The opinion of the court was delivered by: EDWARD KORMAN, Chief Judge, District
In the pre-dawn hours of July 24, 1993, petitioner Franklin
Reyes and two accomplices attempted to rob a grocery store.
During the attempted robbery, one of petitioner's accomplices
shot three individuals. The store's manager, George Poulopoulos,
died from a gunshot wound to the abdomen. Jesus and Fernando
Jiminez, who worked for Mr. Poulopoulos, were also shot. Jesus
was shot in the abdomen and right arm, and Fernando was shot in
the chest. Both men required emergency treatment. Both survived.
Petitioner twice confessed that he selected the grocery store
to rob and drove the getaway car. On September 22, 1994, a jury
in Queens County convicted him of one count of murder in the
second degree, two counts of assault in the first degree, two
counts of assault in the second degree, seven counts of attempted
robbery in the first degree, one count of criminal possession of
a weapon in the second degree, and one count of criminal
possession of a weapon in the third degree. The jury acquitted
petitioner of two counts of robbery in the first degree. For the
counts upon which he was found guilty, petitioner was sentenced to indeterminate terms of
imprisonment of 25 years to life, 5 to 15 years, 2-1/3 to 7
years, 5 to 15 years, 5 to 15 years, and 5 to 15 years,
Petitioner, who is Hispanic, took a direct appeal to the
Appellate Division, alleging that (1) the prosecution's use of
peremptory challenges during voir dire to exclude Hispanic
prospective jurors violated the Equal Protection Clause of the
Fourteenth Amendment and deprived him of his right to a fair
trial; (2) the prosecution failed to establish his guilt beyond a
reasonable doubt; and (3) the sentence imposed was excessive. The
Appellate Division modified consecutive aspects of petitioner's
sentence, but otherwise affirmed the judgment of conviction.
People v. Reyes, 239 A.D.2d 524, 658 N.Y.S.2d 353 (2d Dept.
1997). Judge Bellacosa of the New York Court of Appeals denied
leave to appeal. People v. Reyes, 90 N.Y.2d 909 (1997).
Petitioner did not seek a writ of certiorari from the United
States Supreme Court, but did file two motions for post-judgment
relief in the state courts, neither of which met with any
On October 22, 2001, petitioner, proceeding pro se, filed
this petition for a writ of habeas corpus pursuant to
28 U.S.C. § 2254. He alleged, inter alia, that the Equal Protection Clause
was violated by the prosecutor's use of peremptory challenges to
strike Hispanics from the venire. See Batson v. Kentucky,
476 U.S. 79 (1986). Petitioner also raised a panoply of other claims:
(1) the proof of guilt at trial was legally insufficient; (2) the
sentence imposed was excessive and violated the constitutional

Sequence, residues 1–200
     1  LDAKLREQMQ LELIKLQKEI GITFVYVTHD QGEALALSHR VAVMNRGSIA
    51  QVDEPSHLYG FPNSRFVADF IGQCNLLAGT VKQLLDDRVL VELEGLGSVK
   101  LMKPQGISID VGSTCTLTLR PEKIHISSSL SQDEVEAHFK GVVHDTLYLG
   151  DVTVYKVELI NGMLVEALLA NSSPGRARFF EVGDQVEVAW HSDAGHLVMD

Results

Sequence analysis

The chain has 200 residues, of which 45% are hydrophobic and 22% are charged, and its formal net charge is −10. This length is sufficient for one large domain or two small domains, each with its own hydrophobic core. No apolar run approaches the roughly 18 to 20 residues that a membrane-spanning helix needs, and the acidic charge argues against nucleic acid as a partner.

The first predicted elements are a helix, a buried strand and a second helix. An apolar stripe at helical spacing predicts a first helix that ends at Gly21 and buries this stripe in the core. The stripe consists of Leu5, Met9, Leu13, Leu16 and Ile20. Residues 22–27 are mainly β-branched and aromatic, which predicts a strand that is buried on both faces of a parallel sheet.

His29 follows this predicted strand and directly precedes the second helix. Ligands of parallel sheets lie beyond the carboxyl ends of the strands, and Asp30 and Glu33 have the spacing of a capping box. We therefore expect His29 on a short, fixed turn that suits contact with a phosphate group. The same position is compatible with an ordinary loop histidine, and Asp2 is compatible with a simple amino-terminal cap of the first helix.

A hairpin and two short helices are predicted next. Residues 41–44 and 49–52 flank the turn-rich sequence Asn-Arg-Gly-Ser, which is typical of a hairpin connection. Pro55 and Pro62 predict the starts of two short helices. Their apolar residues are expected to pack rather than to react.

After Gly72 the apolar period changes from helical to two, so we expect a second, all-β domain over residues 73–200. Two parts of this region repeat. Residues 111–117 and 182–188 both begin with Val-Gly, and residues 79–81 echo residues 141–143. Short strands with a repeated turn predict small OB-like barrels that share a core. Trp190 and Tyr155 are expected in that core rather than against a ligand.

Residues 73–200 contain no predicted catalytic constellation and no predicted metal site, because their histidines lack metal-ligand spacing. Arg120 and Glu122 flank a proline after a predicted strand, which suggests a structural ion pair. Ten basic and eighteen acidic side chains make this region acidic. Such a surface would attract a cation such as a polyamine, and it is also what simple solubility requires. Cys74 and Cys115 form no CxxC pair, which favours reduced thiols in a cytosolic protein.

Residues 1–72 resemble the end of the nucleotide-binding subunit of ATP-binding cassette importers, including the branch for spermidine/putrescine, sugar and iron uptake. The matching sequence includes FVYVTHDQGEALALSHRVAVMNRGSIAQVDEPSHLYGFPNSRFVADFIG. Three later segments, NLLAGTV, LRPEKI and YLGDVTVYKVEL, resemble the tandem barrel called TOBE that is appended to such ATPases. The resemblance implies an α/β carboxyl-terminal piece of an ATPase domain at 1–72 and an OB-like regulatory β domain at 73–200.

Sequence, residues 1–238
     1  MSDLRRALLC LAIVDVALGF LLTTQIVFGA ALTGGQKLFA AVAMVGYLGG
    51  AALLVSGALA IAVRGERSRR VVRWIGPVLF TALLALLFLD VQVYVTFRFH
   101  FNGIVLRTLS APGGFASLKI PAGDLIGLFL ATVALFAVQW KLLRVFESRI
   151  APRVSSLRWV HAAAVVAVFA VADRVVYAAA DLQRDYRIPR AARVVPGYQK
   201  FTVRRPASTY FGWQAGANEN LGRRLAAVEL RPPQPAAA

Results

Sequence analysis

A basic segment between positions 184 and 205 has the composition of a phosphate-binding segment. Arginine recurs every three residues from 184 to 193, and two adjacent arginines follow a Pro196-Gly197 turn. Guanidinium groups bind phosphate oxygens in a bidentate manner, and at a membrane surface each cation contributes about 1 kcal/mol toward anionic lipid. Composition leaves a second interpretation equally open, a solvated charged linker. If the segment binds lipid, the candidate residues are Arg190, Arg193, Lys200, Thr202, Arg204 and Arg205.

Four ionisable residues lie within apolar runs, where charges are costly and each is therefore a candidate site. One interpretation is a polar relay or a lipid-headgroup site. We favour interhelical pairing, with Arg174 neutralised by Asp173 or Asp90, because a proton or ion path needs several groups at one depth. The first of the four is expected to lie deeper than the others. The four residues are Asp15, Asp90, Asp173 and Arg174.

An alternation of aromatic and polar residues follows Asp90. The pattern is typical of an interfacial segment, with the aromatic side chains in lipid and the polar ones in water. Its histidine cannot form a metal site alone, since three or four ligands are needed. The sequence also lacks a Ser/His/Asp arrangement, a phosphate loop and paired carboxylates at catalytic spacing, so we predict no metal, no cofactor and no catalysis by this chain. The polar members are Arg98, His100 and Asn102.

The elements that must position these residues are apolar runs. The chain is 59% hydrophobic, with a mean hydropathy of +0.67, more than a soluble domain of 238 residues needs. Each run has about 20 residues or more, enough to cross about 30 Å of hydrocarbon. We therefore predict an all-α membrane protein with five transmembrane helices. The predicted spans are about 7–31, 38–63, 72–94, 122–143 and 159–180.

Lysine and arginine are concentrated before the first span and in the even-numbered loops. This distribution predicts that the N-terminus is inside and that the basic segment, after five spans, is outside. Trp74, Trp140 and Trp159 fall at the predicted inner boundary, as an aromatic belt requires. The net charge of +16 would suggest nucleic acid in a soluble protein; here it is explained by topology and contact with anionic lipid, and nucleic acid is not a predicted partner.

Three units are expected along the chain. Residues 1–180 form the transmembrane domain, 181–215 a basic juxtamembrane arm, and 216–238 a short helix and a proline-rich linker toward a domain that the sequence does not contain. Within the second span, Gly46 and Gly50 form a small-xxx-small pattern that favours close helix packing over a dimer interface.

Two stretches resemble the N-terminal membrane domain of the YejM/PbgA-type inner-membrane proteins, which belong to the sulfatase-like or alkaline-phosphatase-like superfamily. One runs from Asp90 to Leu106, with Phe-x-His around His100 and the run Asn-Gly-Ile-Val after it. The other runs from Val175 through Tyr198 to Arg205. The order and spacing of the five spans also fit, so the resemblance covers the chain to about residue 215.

prohibition against cruel and unusual punishment; (3) trial
counsel provided ineffective assistance in failing to challenge a
certain prospective juror; (4) appellate counsel provided
ineffective assistance in failing to argue that a pre-trial
suppression motion was erroneously denied; and (5) there was an
improper waiver of defendant's presence during jury selection
conferences between counsel and the trial judge. Only
petitioner's Batson claim, which has been briefed by counsel appointed at my direction, has sufficient
merit to warrant discussion.
Voir dire took place over the course of four days in September
1994. The trial judge used a jury box system for selecting
jurors. See United States v. Blouin, 666 F.2d 796, 796-97 (2d
Cir. 1981) (describing the jury box method); DeBerry v.
Portuondo, 277 F.Supp. 2d 150, 151 (E.D.N.Y. 2003) (same).
Pursuant to this method, a group of fourteen prospective jurors
was seated in the jury box for voir dire. After for-cause and
peremptory challenges were exercised on the first batch of
would-be jurors, the trial judge seated additional rounds until
twelve jurors and two alternatives had been empaneled. Each side
had twenty peremptory challenges.
The voir dire employed the following format. First, the trial
judge would ask the prospective jurors a series of rudimentary
questions. With occasional variations, jurors were asked where
they lived; whether they were married; where they were employed;
where their spouse was employed; whether they had any friends in
law enforcement; whether they had ever been the victim of a
crime; and whether they owned their own home. Certain answers
prompted additional inquiries from the judge.
Next, the prosecutor and defense counsel were each allotted
twenty minutes to examine the prospective jurors on the panel. My
assessment of petitioner's Batson argument is complicated
somewhat by the fact that the first three rounds of the
attorneys' questioning the only rounds pertinent to
petitioner's claim were conducted off the record. At the close
of the third round, defense counsel asked that subsequent rounds
of questioning be placed on the record, and the trial judge
acceded to this request. Although the first three rounds of
attorneys' questioning were not themselves recorded, at the final
step of each round of voir dire, counsel conferred with the trial judge on the record to discuss and obtain rulings on their
respective challenges to members of the venire. During these
conferences reference was made to the answers that counsel had